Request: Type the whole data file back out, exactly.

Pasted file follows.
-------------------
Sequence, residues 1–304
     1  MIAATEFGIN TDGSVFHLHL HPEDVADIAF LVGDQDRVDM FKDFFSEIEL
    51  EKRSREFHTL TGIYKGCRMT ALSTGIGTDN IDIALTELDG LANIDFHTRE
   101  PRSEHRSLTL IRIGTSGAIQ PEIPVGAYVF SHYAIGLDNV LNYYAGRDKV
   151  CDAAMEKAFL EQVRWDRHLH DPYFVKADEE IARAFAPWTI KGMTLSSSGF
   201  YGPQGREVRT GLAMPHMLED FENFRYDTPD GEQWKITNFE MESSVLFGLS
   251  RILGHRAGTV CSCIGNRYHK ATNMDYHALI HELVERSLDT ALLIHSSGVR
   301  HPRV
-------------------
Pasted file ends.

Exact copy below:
Sequence, residues 1–304
     1  MIAATEFGIN TDGSVFHLHL HPEDVADIAF LVGDQDRVDM FKDFFSEIEL
    51  EKRSREFHTL TGIYKGCRMT ALSTGIGTDN IDIALTELDG LANIDFHTRE
   101  PRSEHRSLTL IRIGTSGAIQ PEIPVGAYVF SHYAIGLDNV LNYYAGRDKV
   151  CDAAMEKAFL EQVRWDRHLH DPYFVKADEE IARAFAPWTI KGMTLSSSGF
   201  YGPQGREVRT GLAMPHMLED FENFRYDTPD GEQWKITNFE MESSVLFGLS
   251  RILGHRAGTV CSCIGNRYHK ATNMDYHALI HELVERSLDT ALLIHSSGVR
   301  HPRV